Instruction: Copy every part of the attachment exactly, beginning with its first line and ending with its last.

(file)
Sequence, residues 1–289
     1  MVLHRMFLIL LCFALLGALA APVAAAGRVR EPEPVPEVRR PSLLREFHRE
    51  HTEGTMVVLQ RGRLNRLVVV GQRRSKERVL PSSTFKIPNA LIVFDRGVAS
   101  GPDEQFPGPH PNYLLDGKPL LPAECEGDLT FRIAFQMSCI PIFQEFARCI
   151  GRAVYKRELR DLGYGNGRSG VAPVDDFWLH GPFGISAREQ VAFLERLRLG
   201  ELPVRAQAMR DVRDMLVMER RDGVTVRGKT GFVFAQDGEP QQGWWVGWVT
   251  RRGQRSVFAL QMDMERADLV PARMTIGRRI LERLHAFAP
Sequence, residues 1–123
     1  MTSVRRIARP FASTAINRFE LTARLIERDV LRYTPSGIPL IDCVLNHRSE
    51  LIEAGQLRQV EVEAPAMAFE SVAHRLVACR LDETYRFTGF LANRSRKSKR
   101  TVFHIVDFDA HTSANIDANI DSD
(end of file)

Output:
Sequence, residues 1–289
     1  MVLHRMFLIL LCFALLGALA APVAAAGRVR EPEPVPEVRR PSLLREFHRE
    51  HTEGTMVVLQ RGRLNRLVVV GQRRSKERVL PSSTFKIPNA LIVFDRGVAS
   101  GPDEQFPGPH PNYLLDGKPL LPAECEGDLT FRIAFQMSCI PIFQEFARCI
   151  GRAVYKRELR DLGYGNGRSG VAPVDDFWLH GPFGISAREQ VAFLERLRLG
   201  ELPVRAQAMR DVRDMLVMER RDGVTVRGKT GFVFAQDGEP QQGWWVGWVT
   251  RRGQRSVFAL QMDMERADLV PARMTIGRRI LERLHAFAP
Sequence, residues 1–123
     1  MTSVRRIARP FASTAINRFE LTARLIERDV LRYTPSGIPL IDCVLNHRSE
    51  LIEAGQLRQV EVEAPAMAFE SVAHRLVACR LDETYRFTGF LANRSRKSKR
   101  TVFHIVDFDA HTSANIDANI DSD